Femme Visuale: Mary Mirabal

Unbridled, unabridged painting.

click to enlarge "At a Crossroad No. 2", acrylic on canvas, 16 x 20 in., 2017 - Mary Mirabal
Mary Mirabal
"At a Crossroad No. 2", acrylic on canvas, 16 x 20 in., 2017

Walking into Mary Mirabal’s home is like entering a strange portal right into an earthy abode in the Southwest. Enveloped in warm tones, I scan her shelves filled with Native American pottery and fetish charms. It’s really no wonder that her painting color palettes are influenced by this mesmerizing geographical landscape.

“These are the colors I’ve been instinctively drawn to even before we started traveling to the southwest. Most of what I paint is inspired by my love of Northern New Mexico. I paint with my heart, and hope my art will find its way to someone who shares my passion for color,” Mirabal explains.

 As a painter who started doing floral paintings, she found freedom in abstraction, inspired by the likes of Joan Mitchell, Mary Abbott and her muse, Georgia O’Keeffe.

 “I get inspiration — even if it’s just a color palette or a shape I’ve seen in another piece of art — and I’ll start from there. I mostly paint with my hands, so there’s no real thought-process of what it’s going to become. I paint intuitively applying paint, layer after layer-putting it on, taking it off, seeing how it evolves,” she says. “I enjoy not having any preconceived notion of it, just letting the piece tell me where to go next.”

 As you might imagine, things can get a mite bit messy. You can sigh in relief knowing acrylics are used for ease in clean up, but mostly because she doesn’t use gloves while painting with her hands. Working with layers upon layers of paint, I ask how she knows it’s finished.

 “That’s always the hard part. Even with this piece here, I thought it was finished. I always look at it the next day, and sometimes for several days or more, and turn it around on all sides. This one just said, ‘No, you’re not done.’ It’s just something that speaks to you and tells you when you’re there,” Mirabal says.

 Who doesn’t love happy accidents? (They sure beat other options). Intuition, serendipity, and a stream of unconsciousness flow through her work, but her path to painting wasn’t like most artists.

click to enlarge Mary Mirabal with one of her canvases. - Carmen Mandato
Carmen Mandato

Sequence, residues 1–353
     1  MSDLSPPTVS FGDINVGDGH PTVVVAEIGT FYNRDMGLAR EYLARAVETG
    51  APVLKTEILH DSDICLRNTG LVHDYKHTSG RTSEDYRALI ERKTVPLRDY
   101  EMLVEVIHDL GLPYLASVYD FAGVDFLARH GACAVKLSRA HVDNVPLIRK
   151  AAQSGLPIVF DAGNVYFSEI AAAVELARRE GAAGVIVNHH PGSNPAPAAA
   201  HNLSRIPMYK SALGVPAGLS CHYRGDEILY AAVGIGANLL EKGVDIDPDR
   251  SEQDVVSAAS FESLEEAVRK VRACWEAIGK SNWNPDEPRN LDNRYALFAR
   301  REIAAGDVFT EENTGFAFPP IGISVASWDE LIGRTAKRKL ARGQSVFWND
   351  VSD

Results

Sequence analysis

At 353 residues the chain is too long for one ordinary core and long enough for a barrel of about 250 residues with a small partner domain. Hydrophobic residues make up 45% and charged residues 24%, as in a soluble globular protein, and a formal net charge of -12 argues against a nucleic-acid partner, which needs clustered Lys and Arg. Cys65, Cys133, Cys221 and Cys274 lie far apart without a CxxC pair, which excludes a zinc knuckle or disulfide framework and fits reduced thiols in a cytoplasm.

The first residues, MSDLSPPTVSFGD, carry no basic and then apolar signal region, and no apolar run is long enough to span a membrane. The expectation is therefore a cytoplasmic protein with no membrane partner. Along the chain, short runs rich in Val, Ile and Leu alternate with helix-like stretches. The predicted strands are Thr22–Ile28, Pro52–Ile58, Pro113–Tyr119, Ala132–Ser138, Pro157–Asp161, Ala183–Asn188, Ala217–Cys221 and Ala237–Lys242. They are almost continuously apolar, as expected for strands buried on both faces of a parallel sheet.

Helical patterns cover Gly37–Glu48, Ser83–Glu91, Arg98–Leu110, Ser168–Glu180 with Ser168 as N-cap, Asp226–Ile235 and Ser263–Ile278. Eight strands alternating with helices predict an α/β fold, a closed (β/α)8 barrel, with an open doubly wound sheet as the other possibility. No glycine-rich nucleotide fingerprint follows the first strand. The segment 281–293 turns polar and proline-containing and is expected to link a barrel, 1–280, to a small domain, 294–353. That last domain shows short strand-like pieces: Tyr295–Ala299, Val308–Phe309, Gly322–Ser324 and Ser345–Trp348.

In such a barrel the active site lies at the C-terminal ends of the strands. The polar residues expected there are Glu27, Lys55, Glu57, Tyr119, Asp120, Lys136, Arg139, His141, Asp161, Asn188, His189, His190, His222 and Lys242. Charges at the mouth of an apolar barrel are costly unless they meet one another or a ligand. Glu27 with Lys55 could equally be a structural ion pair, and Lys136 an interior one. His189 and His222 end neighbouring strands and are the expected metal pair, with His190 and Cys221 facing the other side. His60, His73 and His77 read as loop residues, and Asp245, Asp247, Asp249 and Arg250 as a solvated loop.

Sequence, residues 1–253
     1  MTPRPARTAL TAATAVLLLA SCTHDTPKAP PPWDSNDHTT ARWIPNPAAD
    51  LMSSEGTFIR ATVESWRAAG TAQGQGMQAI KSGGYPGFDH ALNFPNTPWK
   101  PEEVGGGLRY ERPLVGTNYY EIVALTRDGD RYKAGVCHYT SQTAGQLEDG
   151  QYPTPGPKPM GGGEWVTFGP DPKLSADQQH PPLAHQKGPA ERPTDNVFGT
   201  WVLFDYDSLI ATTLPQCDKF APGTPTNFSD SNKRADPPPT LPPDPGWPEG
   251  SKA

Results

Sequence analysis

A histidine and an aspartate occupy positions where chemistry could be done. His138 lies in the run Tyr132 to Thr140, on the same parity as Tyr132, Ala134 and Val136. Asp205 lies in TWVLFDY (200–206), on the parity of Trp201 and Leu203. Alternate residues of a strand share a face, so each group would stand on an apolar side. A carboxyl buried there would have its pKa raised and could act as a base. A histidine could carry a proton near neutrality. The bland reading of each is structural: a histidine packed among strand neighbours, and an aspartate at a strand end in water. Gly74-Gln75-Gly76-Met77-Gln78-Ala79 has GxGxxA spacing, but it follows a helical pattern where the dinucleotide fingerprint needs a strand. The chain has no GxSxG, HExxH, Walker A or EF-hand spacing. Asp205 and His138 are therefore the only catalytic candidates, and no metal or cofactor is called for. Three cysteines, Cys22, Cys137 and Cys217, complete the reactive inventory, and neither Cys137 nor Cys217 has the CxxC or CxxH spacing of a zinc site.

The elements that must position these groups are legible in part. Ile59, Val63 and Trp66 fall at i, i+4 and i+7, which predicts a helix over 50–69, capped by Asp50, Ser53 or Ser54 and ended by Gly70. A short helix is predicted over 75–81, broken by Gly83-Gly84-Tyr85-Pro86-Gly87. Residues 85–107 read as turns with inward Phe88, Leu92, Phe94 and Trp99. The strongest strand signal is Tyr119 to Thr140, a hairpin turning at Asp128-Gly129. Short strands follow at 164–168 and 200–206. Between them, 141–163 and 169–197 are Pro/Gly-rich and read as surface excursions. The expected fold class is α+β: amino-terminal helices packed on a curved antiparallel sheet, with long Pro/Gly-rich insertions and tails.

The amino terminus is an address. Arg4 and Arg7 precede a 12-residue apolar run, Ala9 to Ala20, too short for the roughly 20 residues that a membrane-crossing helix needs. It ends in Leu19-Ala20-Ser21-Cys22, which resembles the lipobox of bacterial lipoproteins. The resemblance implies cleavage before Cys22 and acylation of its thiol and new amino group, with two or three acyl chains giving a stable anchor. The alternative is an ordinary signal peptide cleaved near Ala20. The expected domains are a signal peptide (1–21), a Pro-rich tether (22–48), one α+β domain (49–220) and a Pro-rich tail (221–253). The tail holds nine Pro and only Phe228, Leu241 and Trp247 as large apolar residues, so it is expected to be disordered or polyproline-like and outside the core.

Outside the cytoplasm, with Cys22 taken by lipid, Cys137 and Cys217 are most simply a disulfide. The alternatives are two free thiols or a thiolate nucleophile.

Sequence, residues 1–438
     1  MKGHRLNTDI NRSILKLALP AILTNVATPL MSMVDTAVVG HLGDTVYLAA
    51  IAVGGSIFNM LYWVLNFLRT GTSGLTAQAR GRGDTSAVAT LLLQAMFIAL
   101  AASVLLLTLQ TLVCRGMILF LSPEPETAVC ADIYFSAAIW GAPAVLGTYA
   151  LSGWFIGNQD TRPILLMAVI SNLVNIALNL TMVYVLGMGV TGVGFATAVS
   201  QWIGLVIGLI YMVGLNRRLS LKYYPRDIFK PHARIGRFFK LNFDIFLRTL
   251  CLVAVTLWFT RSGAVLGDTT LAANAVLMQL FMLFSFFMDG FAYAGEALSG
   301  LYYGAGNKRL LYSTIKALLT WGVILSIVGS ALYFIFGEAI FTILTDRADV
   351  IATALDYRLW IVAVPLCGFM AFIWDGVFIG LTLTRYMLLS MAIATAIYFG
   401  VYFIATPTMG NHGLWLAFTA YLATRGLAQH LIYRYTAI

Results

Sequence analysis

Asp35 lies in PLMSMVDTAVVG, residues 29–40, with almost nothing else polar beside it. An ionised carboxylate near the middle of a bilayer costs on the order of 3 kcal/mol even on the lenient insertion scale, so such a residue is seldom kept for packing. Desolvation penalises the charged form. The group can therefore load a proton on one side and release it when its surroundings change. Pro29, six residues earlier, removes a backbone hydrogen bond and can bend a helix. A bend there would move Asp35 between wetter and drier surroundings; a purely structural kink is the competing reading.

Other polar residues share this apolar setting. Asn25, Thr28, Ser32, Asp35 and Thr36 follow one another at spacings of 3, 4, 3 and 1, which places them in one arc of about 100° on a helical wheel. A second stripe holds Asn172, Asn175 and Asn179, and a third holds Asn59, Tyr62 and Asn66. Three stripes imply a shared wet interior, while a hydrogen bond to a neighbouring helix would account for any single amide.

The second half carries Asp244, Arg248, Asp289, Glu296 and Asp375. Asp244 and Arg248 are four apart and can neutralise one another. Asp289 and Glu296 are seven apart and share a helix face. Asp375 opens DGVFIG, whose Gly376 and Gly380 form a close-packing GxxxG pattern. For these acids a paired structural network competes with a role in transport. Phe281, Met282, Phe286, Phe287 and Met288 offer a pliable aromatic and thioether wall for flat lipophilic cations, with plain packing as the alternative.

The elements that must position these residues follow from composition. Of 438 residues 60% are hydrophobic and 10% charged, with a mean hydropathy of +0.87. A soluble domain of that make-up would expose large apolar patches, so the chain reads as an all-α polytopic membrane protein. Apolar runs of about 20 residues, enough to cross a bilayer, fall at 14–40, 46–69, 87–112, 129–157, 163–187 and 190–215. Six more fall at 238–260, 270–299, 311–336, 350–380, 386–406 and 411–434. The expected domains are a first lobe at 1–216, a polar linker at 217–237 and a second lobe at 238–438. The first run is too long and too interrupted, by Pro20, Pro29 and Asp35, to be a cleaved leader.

Mary Mirabal with one of her canvases.
 “I didn’t have any early art experience. I’m one of eight children from a working family, so we didn’t have time for art lessons and things like that. I have always been an art lover — we love to collect art,” Mirabal explains. “Through the years as we collected, I always had this inkling in the back of my mind that I would love to try it one day. But with raising children, being a wife, and having a career — who has time for that?”

 Over 30 years, Mirabal worked in insurance and sales/marketing without touching a paintbrush. It wasn’t until she stopped working in the corporate world that she forged time for herself.

 “That’s when I realized, ‘What do I want to do? What’s going to make my soul happy?’” she says.

 She had never been able to work creatively before, so she asked “Santa” (aka her husband) for a paint set for Christmas one year.

 “He looked at me like I had four heads since I had never told anyone about my passion before. It took about six months to actually break it open though. It’s like now that I have it, what do I do?” she says. “I was at a point where it’s like, what’s the worst that can happen? You’d suck at it? As long as I’m happy, that’s all that matters. Art has filled a tremendous void that I didn’t even know I had.”

 From there, she started taking classes with Joe Testa-Secca at Hillsborough Community College every Saturday morning for 12 weeks, with additional workshops and courses along her self-taught journey.


click to enlarge "High Spirits", acrylic on canvas, 24 x 24 in.,  2016 - Mary Mirabal
Mary Mirabal
"High Spirits", acrylic on canvas, 24 x 24 in., 2016
“When I’m working, I lose all sense of time, but I want to go to the next level. I feel like I’m in a safe zone and I want to break out of that,” Mirabal says. “What can be most intimidating in the studio is looking at a blank canvas, but once you start putting paint on, that goes away. One of my artist friends always says, ‘Don’t be afraid to mess up a canvas. Grab another, and mess it up. You will learn so much.’”

 2018 seems to be Mirabal’s year, with many opportunities already lined up for her. For starters, she currently has work in two local exhibitions: New and Now at the Art Center Sarasota and Faces and Figures at the Old Hyde Park Art Center. On April 6, she will be the featured artist at Cleanse Apothecary for First Friday Art in the Heights. Over the summer, she will be getting an art-cation to spend two months in Santa Fe, NM (lucky gal) doing live painting on Canyon Road.

 “I’m in the middle of my life and feel like I’ve just discovered who I am,” Mirabal says. “It’s an amazing feeling.”

 To see more of her work, visit her website.

 To see her fashion line with VIDA (gorgeous scarves galore!), click here.

click to enlarge One of Mirabal's fashion designs from VIDA - VIDA
One of Mirabal's fashion designs from VIDA



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